“You have to recognize that while MRIs do not expose people to any radiation, there would likely have to be follow-up tests,” Young says.

“An MRI would raise certain red flags. You might need other types of tests like a CT scan that does expose a person to radiation. Or you may require other invasive procedures that actually could expose you to some very substantial risks, not to mention worry and concern when, in many cases, they turn out to be benign situations.”

For a person in average good health, “the risks and concerns are the negatives that greatly outweigh the positives,” Young says. “In some cases, it may save someone’s life.”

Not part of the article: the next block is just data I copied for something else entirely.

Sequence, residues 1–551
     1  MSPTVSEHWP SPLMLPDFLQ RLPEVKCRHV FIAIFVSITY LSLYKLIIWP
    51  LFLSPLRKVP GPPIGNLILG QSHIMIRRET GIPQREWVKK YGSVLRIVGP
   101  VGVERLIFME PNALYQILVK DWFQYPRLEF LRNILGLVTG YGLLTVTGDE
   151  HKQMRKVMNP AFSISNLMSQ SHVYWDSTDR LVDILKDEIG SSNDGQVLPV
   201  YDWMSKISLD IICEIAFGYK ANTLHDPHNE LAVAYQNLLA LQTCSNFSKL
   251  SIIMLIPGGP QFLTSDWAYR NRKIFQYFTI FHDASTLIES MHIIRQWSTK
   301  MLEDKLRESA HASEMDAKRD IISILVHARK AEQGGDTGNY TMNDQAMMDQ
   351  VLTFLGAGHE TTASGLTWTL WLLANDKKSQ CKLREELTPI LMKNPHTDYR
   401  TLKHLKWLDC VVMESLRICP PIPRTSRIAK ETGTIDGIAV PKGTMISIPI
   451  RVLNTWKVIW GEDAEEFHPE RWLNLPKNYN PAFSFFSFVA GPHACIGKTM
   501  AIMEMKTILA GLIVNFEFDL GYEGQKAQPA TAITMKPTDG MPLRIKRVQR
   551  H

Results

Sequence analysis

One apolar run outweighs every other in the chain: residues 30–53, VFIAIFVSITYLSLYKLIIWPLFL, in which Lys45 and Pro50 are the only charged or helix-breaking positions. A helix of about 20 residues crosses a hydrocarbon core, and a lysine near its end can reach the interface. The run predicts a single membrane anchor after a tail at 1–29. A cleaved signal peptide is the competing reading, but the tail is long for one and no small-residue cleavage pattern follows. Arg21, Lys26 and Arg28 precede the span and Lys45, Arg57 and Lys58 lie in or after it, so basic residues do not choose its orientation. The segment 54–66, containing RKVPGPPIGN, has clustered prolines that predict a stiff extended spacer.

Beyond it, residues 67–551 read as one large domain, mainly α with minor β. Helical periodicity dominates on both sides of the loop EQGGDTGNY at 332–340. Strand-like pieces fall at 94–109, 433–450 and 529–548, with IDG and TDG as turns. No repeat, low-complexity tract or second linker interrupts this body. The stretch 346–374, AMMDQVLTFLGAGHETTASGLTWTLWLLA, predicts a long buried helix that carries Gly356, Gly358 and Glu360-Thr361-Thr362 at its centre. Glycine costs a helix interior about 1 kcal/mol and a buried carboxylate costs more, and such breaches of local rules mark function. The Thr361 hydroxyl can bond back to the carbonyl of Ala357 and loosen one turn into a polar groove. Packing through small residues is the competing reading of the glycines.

The Maria Menounos case

One of the most attention-getting reports of MRI screening saving a life was television presenter Maria Menounos’ announcement this spring that she had been treated successfully for stage 2 pancreatic cancer after a screening by Prenuvo found a mass on her pancreas.

According to the Pancreatic Cancer Action Network, Menounos had a rare form of pancreatic neuroendocrine cancer that is less aggressive than more common ductal adenocarcinoma but still deadly, with a five-year survival rate of 53%.

Menounos, who was pregnant at the time of her diagnosis and has since given birth, did not describe herself as one of the “worried well” in a People magazine article.

She was in excruciating pain that couldn’t be explained by other forms of testing, and had in recent years been treated for a benign brain tumor and, more recently still, been diagnosed with type 1 diabetes.